How Military Snipers Work

Sniper Rifles

As part of a training exercise, the members of a sniper team man a 7.62mm Springfield Armory M21 Sniping rifle (left) and sights through the scope of a 7.62mm M24 Sniper rifle (right).
Photo courtesy Department of Defense Defense Visual Information Center

"One shot, one kill" is the sniper motto. Accomplishing this would not be possible without the specially modified rifles used by snipers in the field. A sniper rifle such as the M-21 or PSG-1 in the hands of a highly trained sniper can be a deadly weapon from more than a mile away. Army Ranger Sniper used an M-21: "It was a military M-14 with match-grade upgrades -- hollowing out the wood, fiberglass-seated receiver, different trigger mechanisms and optics."



Match grade means the rifle has been fine-tuned by a professional gunsmith to ensure the highest possible accuracy and reliability. Match-grade rifles are also used for competitive shooting. A match-grade rifle coupled with handmade, match-grade ammunition ensures the consistency that is so important for a marksman.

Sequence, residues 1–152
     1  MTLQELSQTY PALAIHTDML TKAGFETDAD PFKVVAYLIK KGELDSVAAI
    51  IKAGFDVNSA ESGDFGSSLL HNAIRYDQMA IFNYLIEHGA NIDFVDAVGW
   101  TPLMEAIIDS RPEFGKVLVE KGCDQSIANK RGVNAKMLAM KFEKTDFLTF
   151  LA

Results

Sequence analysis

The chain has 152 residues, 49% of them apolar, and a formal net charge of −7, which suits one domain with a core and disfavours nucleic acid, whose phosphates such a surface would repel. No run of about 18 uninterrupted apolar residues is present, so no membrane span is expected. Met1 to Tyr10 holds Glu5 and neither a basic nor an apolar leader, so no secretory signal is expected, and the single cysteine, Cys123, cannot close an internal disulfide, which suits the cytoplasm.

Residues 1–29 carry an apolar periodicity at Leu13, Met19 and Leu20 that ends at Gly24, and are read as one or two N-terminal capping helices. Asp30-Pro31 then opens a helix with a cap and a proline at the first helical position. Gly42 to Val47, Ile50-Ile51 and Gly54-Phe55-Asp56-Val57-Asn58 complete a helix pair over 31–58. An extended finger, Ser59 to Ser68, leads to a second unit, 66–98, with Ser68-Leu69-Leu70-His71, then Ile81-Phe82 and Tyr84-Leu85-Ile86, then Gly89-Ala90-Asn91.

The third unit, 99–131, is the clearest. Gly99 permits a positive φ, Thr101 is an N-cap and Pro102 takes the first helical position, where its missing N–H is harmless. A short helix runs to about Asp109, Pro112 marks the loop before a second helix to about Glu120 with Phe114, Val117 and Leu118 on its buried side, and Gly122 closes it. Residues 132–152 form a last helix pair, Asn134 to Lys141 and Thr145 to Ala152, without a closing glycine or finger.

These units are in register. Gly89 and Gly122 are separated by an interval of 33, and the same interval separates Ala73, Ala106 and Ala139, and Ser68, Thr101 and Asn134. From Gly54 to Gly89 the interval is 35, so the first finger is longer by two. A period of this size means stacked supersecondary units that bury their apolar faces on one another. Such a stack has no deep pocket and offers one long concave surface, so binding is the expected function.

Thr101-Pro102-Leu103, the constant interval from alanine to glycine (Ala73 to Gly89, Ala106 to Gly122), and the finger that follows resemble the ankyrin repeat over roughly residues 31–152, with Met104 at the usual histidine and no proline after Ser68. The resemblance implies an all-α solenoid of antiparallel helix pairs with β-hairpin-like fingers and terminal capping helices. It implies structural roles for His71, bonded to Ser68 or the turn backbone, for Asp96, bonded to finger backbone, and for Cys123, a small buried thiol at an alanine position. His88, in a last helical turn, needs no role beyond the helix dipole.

In addition, sniper rifles sport a free-floating barrel to ensure that the barrel touches the least amount of the weapon possible. This reduces vibration from the recoil. Also, sniper rifles are usually designed or modified to incorporate fiberglass or composite stocks to avoid the effect of humidity on the receiver. Any swelling of the wood can affect the accuracy of the shot.

Sniper rifles are generally bolt-action rifles. That means the sniper must load and chamber each round he fires. Once he has fired, he has to clear the shell casing and load another round. Though they are more difficult to operate and have a much slower rate of fire, bolt-action rifles are preferred because they have fewer moving parts than automatics. There are semi-automatic sniper rifles, though, such as the M-21. Army Ranger Sniper had this to say about how the nature of the different rifles can affect a sniper in the field: "If you fire something on a bolt action, you have to reload one, and that movement could give you away. But also, the round flying out of the rifle could give you away on the semi-automatic." In the end, it comes down to the personal preference of each sniper.

There are many different types of sniper rifles manufactured by countries all over the world. On average, they cost between $8,000 and $15,000.